About a third of all players in the World Cup will be randomly tested for drug use.
"We are looking for anything from anabolic steroids, THC, to drugs of abuse type compounds," Monti Benefiel from Agilent said.
Agilent has been part of world sports since the Munich Olympics in 1972. Its highly sensitive instruments are the same ones used to test for food safety, propellants in arson investigations and pesticide residue in soil and bodies of water.
In the case of World Cup soccer, vials of blood or urine will be collected and analyzed, with final results in under 24 hours.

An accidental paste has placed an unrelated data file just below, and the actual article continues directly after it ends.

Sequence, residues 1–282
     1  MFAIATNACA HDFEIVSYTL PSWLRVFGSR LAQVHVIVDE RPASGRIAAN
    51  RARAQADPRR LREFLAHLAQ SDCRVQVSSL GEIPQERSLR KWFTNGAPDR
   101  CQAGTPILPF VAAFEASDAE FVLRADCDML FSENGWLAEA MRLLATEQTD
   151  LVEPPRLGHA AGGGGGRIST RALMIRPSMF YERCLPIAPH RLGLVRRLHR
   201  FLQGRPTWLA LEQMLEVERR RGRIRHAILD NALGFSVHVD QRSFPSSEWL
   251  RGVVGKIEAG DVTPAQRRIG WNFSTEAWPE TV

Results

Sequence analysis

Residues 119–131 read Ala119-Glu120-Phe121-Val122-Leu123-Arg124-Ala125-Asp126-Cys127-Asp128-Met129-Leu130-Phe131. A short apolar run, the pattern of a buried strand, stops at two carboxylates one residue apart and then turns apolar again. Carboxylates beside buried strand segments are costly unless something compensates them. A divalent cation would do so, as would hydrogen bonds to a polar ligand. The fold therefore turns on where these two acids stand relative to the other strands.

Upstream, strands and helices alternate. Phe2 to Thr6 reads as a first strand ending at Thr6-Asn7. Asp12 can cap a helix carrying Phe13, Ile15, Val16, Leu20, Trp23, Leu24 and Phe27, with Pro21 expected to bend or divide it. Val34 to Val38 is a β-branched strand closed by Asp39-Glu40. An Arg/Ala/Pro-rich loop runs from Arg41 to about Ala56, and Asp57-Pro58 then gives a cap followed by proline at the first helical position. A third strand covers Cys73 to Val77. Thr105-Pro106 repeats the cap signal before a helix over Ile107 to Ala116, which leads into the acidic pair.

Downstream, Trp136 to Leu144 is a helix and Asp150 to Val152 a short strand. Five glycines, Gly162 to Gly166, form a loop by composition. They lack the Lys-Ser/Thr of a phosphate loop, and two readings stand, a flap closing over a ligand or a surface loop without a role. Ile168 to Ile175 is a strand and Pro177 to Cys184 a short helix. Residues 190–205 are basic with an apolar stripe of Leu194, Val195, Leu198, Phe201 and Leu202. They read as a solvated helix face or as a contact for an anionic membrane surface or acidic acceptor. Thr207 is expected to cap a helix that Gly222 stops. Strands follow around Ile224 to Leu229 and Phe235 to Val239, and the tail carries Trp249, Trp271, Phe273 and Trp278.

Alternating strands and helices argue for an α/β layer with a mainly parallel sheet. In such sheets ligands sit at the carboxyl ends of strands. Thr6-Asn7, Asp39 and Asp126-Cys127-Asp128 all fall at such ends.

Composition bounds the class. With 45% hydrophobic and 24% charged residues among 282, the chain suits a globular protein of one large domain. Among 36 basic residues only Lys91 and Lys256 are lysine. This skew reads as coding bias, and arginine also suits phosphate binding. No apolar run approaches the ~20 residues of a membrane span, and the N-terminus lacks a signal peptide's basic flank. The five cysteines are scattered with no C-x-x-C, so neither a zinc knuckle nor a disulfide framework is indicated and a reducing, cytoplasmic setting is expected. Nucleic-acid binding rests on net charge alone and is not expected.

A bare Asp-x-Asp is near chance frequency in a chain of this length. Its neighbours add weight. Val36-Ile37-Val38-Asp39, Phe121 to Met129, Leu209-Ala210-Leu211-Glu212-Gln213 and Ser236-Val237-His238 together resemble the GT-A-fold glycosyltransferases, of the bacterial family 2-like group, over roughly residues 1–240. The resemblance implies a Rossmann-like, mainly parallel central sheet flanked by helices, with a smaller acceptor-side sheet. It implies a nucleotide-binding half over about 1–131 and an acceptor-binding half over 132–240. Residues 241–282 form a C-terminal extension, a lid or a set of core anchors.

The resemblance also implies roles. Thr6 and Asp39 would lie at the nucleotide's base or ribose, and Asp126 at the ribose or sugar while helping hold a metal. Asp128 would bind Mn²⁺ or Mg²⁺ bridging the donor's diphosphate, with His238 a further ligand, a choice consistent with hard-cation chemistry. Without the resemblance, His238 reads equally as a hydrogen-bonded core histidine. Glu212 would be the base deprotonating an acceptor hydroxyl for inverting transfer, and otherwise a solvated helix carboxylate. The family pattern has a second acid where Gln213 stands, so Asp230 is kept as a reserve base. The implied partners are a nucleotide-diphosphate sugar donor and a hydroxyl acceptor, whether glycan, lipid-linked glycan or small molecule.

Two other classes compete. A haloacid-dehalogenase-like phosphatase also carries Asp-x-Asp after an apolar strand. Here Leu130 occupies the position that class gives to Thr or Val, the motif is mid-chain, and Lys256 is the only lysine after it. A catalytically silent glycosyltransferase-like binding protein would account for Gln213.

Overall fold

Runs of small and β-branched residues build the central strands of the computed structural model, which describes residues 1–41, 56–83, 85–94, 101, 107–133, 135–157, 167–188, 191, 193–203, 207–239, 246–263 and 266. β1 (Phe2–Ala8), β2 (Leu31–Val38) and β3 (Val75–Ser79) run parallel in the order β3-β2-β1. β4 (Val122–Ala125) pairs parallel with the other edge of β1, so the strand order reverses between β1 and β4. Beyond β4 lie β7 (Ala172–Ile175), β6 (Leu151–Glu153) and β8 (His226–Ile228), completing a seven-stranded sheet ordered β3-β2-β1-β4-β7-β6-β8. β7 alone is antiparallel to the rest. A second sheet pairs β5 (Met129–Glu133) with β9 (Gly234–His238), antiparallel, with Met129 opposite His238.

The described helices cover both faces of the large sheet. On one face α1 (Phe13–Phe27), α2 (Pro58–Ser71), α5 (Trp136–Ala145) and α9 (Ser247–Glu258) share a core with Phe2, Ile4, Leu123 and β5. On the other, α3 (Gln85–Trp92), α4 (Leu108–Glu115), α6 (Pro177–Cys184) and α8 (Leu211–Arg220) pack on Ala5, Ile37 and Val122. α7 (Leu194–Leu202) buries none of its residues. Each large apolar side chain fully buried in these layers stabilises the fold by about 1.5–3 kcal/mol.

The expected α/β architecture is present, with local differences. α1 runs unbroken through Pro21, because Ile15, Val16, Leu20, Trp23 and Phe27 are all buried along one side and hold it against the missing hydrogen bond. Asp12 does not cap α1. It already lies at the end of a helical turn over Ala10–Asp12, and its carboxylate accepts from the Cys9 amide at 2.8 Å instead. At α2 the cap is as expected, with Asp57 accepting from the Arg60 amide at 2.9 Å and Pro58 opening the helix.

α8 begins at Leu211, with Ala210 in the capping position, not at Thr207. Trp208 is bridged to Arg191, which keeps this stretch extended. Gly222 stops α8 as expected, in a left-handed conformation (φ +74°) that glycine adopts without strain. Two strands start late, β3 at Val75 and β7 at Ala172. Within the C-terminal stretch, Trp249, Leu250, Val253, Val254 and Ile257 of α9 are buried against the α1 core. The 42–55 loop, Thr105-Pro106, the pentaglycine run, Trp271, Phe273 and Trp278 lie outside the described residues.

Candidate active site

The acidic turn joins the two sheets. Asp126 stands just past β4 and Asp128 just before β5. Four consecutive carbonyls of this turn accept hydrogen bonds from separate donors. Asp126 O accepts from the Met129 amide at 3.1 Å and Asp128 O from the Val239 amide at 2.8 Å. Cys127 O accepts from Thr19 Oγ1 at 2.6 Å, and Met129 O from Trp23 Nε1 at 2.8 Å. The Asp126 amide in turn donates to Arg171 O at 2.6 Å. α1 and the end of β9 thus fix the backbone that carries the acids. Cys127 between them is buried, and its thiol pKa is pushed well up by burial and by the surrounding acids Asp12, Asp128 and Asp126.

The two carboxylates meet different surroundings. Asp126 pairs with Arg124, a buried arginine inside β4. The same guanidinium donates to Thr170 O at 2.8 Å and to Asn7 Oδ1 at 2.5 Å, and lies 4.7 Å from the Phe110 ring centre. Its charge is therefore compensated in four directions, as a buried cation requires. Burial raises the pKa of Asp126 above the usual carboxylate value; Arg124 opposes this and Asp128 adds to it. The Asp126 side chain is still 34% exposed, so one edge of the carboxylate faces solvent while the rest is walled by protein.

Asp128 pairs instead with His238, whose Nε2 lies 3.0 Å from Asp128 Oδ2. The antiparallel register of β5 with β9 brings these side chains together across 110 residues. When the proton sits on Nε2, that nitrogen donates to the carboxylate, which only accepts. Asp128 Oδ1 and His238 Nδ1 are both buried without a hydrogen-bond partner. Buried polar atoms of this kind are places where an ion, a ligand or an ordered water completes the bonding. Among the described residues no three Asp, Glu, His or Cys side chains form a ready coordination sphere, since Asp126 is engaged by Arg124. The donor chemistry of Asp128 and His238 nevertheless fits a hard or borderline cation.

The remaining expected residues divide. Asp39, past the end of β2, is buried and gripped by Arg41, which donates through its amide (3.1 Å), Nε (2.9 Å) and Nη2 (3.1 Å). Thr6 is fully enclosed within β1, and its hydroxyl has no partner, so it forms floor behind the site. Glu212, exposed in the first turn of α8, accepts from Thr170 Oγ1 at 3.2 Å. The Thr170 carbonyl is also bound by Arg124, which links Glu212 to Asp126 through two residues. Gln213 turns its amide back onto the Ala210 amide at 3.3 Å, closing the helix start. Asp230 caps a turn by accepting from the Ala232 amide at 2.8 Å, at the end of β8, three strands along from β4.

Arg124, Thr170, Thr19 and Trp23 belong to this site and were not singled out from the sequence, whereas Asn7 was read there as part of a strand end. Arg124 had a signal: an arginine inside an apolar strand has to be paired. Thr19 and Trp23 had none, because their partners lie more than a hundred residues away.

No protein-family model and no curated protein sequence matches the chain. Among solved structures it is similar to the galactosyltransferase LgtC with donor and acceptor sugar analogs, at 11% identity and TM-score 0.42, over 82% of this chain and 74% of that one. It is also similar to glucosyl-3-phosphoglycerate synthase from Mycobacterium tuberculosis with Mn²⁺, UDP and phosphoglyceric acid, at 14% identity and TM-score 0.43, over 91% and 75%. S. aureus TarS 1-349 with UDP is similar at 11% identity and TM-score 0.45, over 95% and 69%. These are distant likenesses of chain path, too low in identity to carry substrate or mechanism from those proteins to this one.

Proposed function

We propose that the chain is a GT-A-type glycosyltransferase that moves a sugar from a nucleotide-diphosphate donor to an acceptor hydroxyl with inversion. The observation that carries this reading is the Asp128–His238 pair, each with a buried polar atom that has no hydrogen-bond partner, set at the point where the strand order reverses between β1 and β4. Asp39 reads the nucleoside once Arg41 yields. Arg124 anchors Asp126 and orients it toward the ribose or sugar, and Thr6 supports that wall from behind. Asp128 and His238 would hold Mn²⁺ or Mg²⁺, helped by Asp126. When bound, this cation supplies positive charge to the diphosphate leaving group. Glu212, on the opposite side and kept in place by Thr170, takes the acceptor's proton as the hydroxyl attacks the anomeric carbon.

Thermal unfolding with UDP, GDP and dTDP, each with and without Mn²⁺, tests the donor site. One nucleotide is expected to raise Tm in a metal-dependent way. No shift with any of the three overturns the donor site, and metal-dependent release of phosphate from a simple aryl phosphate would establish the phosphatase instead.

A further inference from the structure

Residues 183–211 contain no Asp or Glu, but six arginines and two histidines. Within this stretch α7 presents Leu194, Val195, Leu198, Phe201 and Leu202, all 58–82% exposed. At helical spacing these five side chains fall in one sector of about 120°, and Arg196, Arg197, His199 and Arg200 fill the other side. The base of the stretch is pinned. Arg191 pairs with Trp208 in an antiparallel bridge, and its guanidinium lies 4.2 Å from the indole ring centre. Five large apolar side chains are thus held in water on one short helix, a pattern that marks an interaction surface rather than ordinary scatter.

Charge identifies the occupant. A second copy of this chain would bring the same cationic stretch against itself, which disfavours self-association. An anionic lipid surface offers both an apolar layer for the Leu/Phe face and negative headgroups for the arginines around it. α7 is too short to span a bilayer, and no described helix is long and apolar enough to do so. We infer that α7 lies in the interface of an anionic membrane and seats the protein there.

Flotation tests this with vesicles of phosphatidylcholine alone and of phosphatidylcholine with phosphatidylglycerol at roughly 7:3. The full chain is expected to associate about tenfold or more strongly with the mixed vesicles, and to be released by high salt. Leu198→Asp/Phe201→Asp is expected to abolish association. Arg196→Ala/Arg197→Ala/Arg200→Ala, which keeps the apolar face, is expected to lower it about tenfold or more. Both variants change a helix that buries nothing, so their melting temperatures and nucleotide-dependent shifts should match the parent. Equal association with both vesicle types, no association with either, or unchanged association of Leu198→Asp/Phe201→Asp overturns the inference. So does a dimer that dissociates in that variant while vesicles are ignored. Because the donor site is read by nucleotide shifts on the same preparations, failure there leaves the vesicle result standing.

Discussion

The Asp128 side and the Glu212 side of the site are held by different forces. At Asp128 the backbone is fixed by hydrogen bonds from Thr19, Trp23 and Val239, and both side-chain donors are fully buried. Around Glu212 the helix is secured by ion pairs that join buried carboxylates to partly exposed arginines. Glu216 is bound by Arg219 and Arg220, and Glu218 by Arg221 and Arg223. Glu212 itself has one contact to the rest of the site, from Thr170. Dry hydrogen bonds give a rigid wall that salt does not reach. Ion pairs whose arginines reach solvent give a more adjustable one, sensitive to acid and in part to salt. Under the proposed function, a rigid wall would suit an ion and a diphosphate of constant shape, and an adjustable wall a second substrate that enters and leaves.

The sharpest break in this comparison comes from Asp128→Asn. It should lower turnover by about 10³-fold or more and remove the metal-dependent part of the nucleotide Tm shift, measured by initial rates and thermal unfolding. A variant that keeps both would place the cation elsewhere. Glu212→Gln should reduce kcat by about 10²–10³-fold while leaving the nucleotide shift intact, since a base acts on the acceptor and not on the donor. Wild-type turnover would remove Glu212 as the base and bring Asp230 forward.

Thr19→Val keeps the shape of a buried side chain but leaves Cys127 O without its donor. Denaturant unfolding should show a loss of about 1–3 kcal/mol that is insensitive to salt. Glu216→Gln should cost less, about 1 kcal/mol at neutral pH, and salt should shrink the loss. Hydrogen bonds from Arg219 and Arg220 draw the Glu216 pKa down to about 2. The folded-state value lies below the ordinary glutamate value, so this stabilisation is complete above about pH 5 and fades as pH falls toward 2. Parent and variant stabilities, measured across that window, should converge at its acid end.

"The sample can be injected into a glass capillary column. You heat the oven, and you force gas through the column. The sample makes its way through, and while it goes through, some components will stick to the sides of this glass," Benefiel said.
The components then go through a second process, involving a quadripole and the result is a graph that flags a banned substance.
Youth soccer is big in the Bay Area. John Jussen is president of Almaden Valley Youth Soccer League and welcomes World Cup drug testing.
"If the kids for one know that there is drug testing, they know that from a young age they shouldn't be participating in drugs, similar to a smoking campaign," he said.
Considering the benefit of the technology, it's not too expensive. Six units have been deployed to South Africa at a cost of $200,000 each.